The ruling Republican Party of Armenia (HHK) and its allies downplayed on Tuesday the significance of apparent U.S. threats to blacklist individuals responsible for reported irregularities that marred the referendum on President Serzh Sarkisian’s constitutional changes.
The U.S. Embassy in Armenia warned on Monday that it could “assess whether any individuals who directly interfered in the integrity of the December 6 electoral process can participate in Embassy programs or activities.”
Commenting on the statement, Galust Sahakian, an HHK deputy chairman and the parliament speaker, said the Armenian authorities “do not respond to threats with threats.” “We are silent not because we have nothing to say but because it’s appropriate,” he told reporters. “If there were indeed irregularities, we too will be interested in seeing them investigated in accordance with the law.”
Asked whether the HHK is worried that some of its prominent members might face U.S. visa bans, Sahakian joked: “I think that the Republicans will win in the United States this time around and this problem will be solved.”
A spokesman for the Prosperous Armenia Party (BHK), the second largest parliamentary force, insisted that the U.S. statement was not as tough as it is presented by the Armenian media. “The U.S. simply expressed concern,” said Vahan Babayan.
“I don’t think that what happened was extraordinary,” agreed Aghvan Vartanian, a leader of the Armenian Revolutionary Federation (Dashnaktsutyun), another major backer of Sarkisian’s controversial constitutional reform.
“The main [U.S.] demand is to fully investigate credible reports of fraud,” said Vartanian. “We ourselves have said that if there were indeed violations [during the referendum] they must be comprehensively investigated and all guilty individuals must be punished.”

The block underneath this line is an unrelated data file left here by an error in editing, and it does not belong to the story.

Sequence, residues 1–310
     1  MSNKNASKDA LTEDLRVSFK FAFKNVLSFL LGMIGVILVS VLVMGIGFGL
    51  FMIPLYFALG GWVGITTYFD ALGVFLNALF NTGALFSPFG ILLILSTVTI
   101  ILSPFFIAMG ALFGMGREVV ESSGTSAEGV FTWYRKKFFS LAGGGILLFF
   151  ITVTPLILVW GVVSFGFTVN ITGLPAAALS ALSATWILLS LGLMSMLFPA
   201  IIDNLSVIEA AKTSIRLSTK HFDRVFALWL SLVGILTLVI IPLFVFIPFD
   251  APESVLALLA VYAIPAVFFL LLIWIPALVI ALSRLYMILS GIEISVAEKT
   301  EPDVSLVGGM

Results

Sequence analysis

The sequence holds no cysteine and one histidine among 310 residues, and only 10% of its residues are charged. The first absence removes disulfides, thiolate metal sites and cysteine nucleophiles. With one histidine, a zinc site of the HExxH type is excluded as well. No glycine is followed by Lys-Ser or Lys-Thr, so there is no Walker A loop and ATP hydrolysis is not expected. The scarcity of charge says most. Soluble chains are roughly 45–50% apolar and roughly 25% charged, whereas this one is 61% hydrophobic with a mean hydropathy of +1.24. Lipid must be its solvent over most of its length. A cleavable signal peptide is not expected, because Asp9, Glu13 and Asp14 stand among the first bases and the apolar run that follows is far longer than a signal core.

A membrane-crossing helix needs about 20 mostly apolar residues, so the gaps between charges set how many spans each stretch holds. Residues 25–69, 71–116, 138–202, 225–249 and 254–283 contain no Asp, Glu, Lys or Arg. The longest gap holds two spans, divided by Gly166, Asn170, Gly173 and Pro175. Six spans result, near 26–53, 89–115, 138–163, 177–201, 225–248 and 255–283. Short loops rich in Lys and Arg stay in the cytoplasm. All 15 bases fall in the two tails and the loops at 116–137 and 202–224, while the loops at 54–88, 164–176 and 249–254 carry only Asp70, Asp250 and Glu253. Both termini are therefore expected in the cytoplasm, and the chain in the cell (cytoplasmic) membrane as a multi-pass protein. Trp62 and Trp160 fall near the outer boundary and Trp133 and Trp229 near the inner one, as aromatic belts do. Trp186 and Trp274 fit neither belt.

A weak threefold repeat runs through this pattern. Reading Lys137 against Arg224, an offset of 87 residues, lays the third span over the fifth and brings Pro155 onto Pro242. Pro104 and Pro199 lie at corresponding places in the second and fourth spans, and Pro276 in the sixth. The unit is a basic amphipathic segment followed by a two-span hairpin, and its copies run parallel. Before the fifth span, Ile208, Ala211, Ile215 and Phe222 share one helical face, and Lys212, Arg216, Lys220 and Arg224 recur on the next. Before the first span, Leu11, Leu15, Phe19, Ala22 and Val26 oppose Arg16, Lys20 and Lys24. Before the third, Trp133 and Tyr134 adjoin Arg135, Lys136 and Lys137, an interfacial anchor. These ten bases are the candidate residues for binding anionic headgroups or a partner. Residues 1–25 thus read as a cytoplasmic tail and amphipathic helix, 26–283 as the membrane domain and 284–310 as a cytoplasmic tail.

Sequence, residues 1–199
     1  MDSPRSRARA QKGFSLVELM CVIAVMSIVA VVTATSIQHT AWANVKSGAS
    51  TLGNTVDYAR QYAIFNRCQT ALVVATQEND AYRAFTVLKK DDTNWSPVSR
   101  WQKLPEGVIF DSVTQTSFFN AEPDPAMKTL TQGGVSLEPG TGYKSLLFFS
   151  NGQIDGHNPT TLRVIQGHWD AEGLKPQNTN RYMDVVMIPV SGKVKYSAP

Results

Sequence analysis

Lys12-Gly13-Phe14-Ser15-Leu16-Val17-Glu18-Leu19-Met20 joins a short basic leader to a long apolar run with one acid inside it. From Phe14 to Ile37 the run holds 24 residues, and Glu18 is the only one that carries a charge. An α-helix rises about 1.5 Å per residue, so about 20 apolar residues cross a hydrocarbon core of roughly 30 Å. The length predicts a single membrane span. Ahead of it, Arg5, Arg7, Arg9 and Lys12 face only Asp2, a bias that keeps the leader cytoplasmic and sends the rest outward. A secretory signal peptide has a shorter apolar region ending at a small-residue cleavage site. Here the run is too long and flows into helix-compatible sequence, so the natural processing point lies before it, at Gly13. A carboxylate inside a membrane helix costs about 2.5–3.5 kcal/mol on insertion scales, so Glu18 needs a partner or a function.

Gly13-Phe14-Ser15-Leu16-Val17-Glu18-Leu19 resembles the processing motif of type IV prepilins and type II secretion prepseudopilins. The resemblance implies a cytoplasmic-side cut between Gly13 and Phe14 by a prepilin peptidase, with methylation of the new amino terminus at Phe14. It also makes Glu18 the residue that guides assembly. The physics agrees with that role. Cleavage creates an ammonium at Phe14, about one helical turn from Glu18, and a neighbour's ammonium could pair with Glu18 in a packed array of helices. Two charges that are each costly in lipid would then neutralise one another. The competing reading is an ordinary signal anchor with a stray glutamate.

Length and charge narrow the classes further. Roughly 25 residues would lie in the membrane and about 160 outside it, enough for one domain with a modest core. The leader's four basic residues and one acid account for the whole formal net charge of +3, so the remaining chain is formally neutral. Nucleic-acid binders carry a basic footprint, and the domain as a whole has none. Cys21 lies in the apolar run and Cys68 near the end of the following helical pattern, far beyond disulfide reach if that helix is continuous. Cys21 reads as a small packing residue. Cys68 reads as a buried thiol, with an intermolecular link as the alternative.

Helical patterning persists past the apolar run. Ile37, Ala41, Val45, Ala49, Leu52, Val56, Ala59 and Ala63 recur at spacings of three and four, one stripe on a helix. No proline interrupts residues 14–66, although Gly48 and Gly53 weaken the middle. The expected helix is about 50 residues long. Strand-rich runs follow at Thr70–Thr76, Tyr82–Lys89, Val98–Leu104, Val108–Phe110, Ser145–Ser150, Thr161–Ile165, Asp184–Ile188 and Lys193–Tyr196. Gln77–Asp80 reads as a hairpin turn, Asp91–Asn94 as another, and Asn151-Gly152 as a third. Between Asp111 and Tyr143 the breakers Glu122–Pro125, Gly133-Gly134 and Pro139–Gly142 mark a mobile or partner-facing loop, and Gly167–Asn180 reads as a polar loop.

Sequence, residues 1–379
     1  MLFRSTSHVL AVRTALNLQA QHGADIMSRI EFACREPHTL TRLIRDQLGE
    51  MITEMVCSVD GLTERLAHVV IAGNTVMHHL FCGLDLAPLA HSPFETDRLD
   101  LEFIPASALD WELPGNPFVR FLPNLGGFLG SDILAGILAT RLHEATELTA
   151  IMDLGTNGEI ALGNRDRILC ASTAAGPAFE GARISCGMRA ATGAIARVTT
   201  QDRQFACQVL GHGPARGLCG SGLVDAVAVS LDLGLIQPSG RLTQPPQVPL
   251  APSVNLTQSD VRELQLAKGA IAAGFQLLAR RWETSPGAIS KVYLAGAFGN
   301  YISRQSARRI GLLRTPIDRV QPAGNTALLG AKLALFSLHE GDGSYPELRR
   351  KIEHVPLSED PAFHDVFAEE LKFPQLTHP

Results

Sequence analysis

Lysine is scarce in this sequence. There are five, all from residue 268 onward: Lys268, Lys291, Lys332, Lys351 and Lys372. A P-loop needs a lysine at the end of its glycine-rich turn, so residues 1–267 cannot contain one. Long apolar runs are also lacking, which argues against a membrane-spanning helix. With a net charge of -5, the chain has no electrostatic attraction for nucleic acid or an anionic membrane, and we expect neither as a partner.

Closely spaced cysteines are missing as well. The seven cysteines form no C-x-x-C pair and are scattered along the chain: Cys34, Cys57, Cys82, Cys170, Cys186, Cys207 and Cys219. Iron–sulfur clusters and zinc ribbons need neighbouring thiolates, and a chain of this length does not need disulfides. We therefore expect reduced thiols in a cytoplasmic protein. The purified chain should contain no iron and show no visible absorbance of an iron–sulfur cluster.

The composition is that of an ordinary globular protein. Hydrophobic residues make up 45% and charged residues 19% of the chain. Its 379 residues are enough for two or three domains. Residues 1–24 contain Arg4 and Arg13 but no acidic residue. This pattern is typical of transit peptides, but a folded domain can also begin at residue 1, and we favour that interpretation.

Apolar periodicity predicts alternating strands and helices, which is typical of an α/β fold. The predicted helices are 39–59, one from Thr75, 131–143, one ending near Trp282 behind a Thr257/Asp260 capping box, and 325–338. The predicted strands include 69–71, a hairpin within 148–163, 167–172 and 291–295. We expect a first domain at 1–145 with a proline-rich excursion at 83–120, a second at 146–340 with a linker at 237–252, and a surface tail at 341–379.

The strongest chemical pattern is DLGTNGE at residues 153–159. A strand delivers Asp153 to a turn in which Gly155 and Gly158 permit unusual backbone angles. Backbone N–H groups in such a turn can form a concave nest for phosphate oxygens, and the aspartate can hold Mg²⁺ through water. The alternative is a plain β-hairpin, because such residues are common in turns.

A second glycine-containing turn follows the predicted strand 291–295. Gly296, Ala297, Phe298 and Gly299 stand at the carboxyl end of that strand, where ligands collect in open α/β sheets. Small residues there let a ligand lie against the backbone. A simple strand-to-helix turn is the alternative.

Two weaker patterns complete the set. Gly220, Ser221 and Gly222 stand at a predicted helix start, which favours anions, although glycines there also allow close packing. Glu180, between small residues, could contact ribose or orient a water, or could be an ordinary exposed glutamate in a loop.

The HHK, the BHK and Dashnaktsutyun maintain that violations reported during the ballot were not serious enough to affect its official results indicating a popular “Yes” vote for the proposed amendments to the Armenian constitution.The opposition Armenian National Congress (HAK) and the Zharangutyun party claim, however, that the voted was rigged.
Not surprisingly, both opposition parties represented in parliament hailed the U.S. warning. “That statement means that America is taking the internal processes in Armenia very seriously,” Raffi Hovannisian, Zharangutyun’s U.S.-born leader, told an open-air news conference. “They are talking about pre-sanctions.”
“If America, Europe and other countries want to belatedly promote democratic principles in Armenia we can only welcome that,” Hovannisian said.
The HAK’s deputy chairman, Levon Zurabian, was more cautious, saying that Washington should have gone farther and openly questioned the legitimacy of the referendum results. “That is certainly a serious step but it’s not sufficient,” he told RFE/RL’s Armenian service (Azatutyun.am). “In my view, the scale of vote rigging and the rejection of the popular will by the authorities should have received a stronger response.”
In three statements issued since the referendum, the U.S. mission put the emphasis on transparent and full investigations into reported irregularities.
Armenian law-enforcement authorities have opened 14 criminal cases in connection with the fraud allegations but have not arrested or charged anyone yet.